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Your Next Five Moves

book cover image and link to amazon

Influencer Style

The book has the style of influencer-created YouTube and Instagram videos. These influencers often structure their content to grab attention for short bursts rather than to provide lasting and actionable knowledge. This style felt jarring and frustrating in book format even though it's standard on influencer platforms. Most of the book is structured as numbered lists of "how to find out who to trust" or "things to do when firing someone".

Patrick has obviously been successful in business, but it didn't seem like his recommendations were things that any reasonable person would actually follow, at least as a general pass.

Impossible but Good Ideas

I was shocked at how often his recommendations were things that would be nearly impossible to actually follow through on. One example that stuck with me was him discussing how to manage trust with people you know. He recommended making a list of everyone you know and giving them one of four categories: trusted, witnessed, vetted, fully trusted. On the one hand, I understand why that might be desirable or advice someone might give. On the other hand, no one is actually going to sit down and make a list of everyone they know and sort them into categories.

These kinds of concepts are spread all over YouTube and other influencer-heavy platforms. Creators will come up with advice it would be hard to argue is "bad", but almost no one would actually follow through on.

Varying Viewpoints

The author tends to jump around and play with varying viewpoints throughout the book. At times he speaks as a CEO, a friend, a mentor, or a neighbor. Depending on which bulleted list he's working his way through it might be advice on firing someone (with you as a manager) or advice on which start-up money to take (as an entrepreneur). This was difficult to track and made the book less cohesive.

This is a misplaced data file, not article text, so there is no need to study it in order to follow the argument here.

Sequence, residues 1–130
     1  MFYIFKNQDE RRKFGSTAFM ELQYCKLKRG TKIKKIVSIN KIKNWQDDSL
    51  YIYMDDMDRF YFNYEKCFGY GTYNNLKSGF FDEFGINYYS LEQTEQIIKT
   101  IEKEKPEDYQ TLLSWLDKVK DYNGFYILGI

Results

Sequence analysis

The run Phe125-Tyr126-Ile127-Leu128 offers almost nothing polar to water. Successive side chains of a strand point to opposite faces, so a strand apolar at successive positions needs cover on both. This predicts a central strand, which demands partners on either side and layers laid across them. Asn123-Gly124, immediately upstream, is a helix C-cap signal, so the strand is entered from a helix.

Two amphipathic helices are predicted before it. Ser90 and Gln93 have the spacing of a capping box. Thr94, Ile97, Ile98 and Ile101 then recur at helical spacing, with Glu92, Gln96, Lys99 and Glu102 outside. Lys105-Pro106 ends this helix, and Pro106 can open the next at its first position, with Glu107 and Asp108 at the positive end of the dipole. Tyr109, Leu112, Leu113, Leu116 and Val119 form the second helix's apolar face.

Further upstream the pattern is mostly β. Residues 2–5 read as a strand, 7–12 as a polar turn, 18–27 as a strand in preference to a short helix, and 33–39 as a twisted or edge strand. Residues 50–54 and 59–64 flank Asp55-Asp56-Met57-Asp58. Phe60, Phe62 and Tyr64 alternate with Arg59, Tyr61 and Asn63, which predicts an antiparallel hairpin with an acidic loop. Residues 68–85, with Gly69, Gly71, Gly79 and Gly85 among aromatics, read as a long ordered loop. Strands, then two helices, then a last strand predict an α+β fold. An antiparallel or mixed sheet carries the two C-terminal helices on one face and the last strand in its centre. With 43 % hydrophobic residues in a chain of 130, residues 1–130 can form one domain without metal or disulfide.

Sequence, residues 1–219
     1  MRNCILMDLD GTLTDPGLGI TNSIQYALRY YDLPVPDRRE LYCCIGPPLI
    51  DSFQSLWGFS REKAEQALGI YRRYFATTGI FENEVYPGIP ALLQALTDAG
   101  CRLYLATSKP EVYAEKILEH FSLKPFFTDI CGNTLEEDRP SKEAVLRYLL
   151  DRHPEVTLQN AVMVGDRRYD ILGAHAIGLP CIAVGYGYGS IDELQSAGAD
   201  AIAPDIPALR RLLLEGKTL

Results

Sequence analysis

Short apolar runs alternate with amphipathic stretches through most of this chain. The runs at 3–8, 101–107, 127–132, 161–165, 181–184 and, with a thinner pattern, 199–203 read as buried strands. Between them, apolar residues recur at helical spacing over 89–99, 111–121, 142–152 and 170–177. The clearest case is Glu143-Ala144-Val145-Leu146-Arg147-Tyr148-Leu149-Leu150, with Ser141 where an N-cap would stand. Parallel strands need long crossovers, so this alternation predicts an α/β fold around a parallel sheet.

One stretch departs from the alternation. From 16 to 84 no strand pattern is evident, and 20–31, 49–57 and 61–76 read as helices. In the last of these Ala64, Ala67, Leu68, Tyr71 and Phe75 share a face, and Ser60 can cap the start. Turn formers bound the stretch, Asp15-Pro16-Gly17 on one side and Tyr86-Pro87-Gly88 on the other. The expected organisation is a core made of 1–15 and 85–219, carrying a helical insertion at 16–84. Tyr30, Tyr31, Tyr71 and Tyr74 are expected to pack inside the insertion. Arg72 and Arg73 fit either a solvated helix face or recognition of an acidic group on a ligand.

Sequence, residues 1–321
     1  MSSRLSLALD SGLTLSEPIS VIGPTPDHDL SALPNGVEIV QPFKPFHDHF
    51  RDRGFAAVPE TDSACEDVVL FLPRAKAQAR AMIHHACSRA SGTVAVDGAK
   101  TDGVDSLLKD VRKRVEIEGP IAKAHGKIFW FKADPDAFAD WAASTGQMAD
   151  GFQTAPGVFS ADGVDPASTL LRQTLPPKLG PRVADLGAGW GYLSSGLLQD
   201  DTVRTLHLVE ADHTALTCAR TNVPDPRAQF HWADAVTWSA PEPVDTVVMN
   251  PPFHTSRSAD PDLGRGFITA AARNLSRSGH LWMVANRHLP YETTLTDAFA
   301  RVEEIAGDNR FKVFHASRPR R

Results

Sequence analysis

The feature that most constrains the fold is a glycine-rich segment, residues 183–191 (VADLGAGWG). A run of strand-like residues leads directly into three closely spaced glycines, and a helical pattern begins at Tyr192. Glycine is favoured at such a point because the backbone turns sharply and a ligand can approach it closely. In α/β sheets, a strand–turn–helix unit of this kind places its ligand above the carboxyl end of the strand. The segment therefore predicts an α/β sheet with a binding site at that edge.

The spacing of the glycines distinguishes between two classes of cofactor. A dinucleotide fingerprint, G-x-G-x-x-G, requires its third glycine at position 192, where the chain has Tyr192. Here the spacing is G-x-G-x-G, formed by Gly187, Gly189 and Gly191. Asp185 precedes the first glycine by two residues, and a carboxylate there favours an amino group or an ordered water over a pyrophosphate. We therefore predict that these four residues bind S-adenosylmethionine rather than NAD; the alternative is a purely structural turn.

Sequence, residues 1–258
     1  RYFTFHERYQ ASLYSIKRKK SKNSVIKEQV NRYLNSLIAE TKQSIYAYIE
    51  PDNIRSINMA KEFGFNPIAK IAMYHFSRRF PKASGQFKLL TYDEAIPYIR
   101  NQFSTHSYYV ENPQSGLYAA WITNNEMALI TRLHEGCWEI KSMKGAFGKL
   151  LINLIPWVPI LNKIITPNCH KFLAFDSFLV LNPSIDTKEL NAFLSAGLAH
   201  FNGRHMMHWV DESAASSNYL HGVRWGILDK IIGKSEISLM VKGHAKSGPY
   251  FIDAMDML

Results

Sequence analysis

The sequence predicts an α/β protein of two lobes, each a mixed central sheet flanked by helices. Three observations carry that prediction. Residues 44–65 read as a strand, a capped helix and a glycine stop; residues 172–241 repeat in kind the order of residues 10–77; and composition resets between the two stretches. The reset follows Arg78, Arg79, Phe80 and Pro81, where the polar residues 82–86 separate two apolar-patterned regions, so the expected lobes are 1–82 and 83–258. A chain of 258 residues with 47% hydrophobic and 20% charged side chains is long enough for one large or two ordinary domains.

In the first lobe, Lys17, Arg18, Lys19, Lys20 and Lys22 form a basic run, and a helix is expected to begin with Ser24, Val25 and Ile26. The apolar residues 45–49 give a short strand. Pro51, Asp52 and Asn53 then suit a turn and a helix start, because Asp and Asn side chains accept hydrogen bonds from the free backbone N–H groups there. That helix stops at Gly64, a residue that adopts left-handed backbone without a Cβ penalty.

Overall Thoughts

This wasn't a "bad book" per se, but it I would claim it was very un-actionable. I found myself mildly nodding along with his discussion points, but I didn't find any actionable recommendations once finished.

The title was also misleading. The author did not make mention of business strategy or how to master it. He repeatedly referenced chess grandmasters and how they think, but there was little to no connection of that concept back to actual business strategy. He then decided to break his book into five sections with no real connection back to how they might fit in with business strategy.

I would recommend skipping this book and have placed it relatively low on my "useful" to "not-useful" list.

bad chess picture

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